The second group consists of people with iris disorders. The colored iris is the thin muscular membrane that controls the diameter of the pupil, and thus the amount of light reaching the retina. For patients with ocular disorders such as aniridia or coloboma, the iris is missing or abnormally shaped and can’t perform its proper function. Currently, the only solution for these patients is an implanted iris – an invasive procedure listed as a ‘humanitarian device exemption’ by the FDA, for lack of better alternatives.

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Enrique Vega, co-founder, and CEO of Azalea Vision, is positive the company’s smart tech solution can significantly improve millions of patients’ quality of life:

“Worldwide, more than 25 million people suffer from high light sensitivity and ocular disorders. In just Europe, the USA, and Japan, the potential market size for our product equates to more than three billion euro per year, with patients’ needs currently not met by existing options. Our technology provides a differentiated solution for people with iris disorders, as the concentric ring segments in the pupil area can be turned on or off in sequence to mimic the natural contraction and dilation of the pupil. For people with photophobia, we can protect them from bright light by programming the lenses to change the whole pupil area in response to specific light intensities.”

Technologies coming together

Following its successful funding round, Azalea Vision is now hard at work finalizing the product development, preparing the manufacturing of clinical units, and expanding the team. With things moving fast, Andrés Vásquez Quintero muses on the elements that have made this futuristic technology possible:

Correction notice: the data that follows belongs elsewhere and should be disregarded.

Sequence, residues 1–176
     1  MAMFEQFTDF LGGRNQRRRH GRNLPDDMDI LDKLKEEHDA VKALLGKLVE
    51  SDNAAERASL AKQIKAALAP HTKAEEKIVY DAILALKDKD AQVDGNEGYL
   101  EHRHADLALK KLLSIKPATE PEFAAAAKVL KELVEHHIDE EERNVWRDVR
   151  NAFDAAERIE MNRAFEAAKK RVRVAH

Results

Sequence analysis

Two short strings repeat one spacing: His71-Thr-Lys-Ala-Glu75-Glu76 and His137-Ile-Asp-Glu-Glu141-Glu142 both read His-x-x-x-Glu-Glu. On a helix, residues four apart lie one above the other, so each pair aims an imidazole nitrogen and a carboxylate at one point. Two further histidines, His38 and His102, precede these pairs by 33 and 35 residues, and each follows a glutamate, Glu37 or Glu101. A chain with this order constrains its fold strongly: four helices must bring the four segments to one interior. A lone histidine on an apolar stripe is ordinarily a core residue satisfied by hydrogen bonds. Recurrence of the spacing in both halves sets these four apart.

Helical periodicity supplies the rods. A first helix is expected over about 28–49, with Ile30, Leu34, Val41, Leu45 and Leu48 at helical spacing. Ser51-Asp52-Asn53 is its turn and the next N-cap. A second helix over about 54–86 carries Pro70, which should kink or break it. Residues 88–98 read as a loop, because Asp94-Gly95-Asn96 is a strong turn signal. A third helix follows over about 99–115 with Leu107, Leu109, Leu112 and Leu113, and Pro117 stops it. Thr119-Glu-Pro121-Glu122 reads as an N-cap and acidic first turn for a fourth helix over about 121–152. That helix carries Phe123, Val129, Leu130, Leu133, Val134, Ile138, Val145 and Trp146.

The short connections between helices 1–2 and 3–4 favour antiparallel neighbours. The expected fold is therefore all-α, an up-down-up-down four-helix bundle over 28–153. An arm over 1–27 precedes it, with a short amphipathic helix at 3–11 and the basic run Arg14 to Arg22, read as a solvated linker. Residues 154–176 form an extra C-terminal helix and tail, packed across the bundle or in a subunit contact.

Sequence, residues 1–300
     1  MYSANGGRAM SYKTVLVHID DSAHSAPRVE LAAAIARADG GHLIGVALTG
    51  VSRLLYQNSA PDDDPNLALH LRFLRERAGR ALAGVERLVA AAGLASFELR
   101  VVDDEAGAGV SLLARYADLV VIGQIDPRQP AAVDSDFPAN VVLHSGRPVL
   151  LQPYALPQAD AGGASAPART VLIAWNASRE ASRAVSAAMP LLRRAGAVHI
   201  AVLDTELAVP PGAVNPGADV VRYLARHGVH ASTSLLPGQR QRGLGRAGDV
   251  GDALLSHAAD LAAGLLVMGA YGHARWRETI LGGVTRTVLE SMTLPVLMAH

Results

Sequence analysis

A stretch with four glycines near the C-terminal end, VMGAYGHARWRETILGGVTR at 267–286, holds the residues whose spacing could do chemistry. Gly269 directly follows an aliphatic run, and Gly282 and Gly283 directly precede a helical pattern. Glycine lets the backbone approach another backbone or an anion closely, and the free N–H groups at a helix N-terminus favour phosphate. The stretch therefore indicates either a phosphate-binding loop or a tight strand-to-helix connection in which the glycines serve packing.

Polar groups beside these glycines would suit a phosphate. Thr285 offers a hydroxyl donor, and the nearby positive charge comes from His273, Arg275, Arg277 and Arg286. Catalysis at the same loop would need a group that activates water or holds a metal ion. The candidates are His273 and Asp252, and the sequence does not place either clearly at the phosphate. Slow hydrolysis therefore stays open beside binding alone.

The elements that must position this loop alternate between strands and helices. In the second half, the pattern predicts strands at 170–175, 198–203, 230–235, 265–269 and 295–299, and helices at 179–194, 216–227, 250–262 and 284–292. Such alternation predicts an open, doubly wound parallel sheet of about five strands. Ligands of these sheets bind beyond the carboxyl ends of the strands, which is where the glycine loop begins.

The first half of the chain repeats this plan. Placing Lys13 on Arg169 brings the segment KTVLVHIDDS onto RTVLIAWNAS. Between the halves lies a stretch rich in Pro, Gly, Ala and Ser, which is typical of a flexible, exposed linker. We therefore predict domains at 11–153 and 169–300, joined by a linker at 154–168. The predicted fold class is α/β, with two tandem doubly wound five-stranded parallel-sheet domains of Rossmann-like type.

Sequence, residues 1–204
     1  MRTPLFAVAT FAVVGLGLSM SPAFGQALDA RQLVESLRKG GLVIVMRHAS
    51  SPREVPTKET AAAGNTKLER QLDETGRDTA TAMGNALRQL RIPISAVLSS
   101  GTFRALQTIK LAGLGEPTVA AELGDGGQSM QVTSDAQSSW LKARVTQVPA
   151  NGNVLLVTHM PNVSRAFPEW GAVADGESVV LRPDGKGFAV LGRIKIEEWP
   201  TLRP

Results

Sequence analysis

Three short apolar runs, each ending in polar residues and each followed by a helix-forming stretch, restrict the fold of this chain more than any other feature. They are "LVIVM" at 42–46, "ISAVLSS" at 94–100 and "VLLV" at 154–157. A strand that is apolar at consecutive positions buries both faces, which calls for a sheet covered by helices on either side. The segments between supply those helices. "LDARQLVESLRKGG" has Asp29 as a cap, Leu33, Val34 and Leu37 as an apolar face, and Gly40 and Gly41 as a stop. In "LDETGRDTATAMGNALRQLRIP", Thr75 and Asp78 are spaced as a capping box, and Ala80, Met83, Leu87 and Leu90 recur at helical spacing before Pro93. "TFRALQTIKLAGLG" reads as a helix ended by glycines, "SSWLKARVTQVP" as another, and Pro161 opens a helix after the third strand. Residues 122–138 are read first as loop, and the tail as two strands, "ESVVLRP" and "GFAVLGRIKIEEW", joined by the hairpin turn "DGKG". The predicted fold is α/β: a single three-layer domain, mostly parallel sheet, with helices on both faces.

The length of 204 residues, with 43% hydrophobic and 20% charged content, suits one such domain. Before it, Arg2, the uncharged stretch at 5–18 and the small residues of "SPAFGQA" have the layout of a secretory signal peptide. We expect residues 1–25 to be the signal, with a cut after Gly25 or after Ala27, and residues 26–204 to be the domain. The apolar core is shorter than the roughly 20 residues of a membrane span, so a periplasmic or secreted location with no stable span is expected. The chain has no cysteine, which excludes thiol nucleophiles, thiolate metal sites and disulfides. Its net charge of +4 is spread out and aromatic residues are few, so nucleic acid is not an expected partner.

“This product originated at imec and Ghent University, where we were working on several different lines of technologies, including liquid crystals, data transmission, and stretchable electronics. We were able to combine these into one innovative application, but even ten years ago, these smart lenses would have been impossible. The individual technologies simply weren’t advanced enough – we didn’t have an energy source small enough to put into a lens, for example. The public funding we received was very important in enabling this technological momentum: without the money and time afforded to us by those grants, we wouldn’t have been able to develop this unique solution for patients in need.”

“By integrating a battery and smart tech into a contact lens, we have created a platform technology which is unique in the world of medical devices.” – Enrique Vega, Azalea Vision

Enrique Vega feels the technology has incredible potential for the future:

“The combination of advanced technologies is what’s special about Azalea Vision. By integrating a battery and smart tech into a contact lens, we have created a platform technology which is unique in the world of medical devices. With this first product, we are managing light intensity, but our platform will evolve and open doors to a lot of other applications, leading to a whole pipeline of products. I’m sure we haven’t even begun to imagine how this technology can be used to help people around the world.”

This article was sponsored by Azalea Vision. If you’re interested in a sponsored article to showcase your innovation, get in touch!


Turnstone Communications
Turnstone Communications

We are a specialized consultancy agency providing communications, marketing and strategic support to companies and organizations in the life sciences industry. We share client articles on BioVox providing insight into new and established players in the Belgian ecosystem, from innovations and research breakthroughs through to finance and industry trends.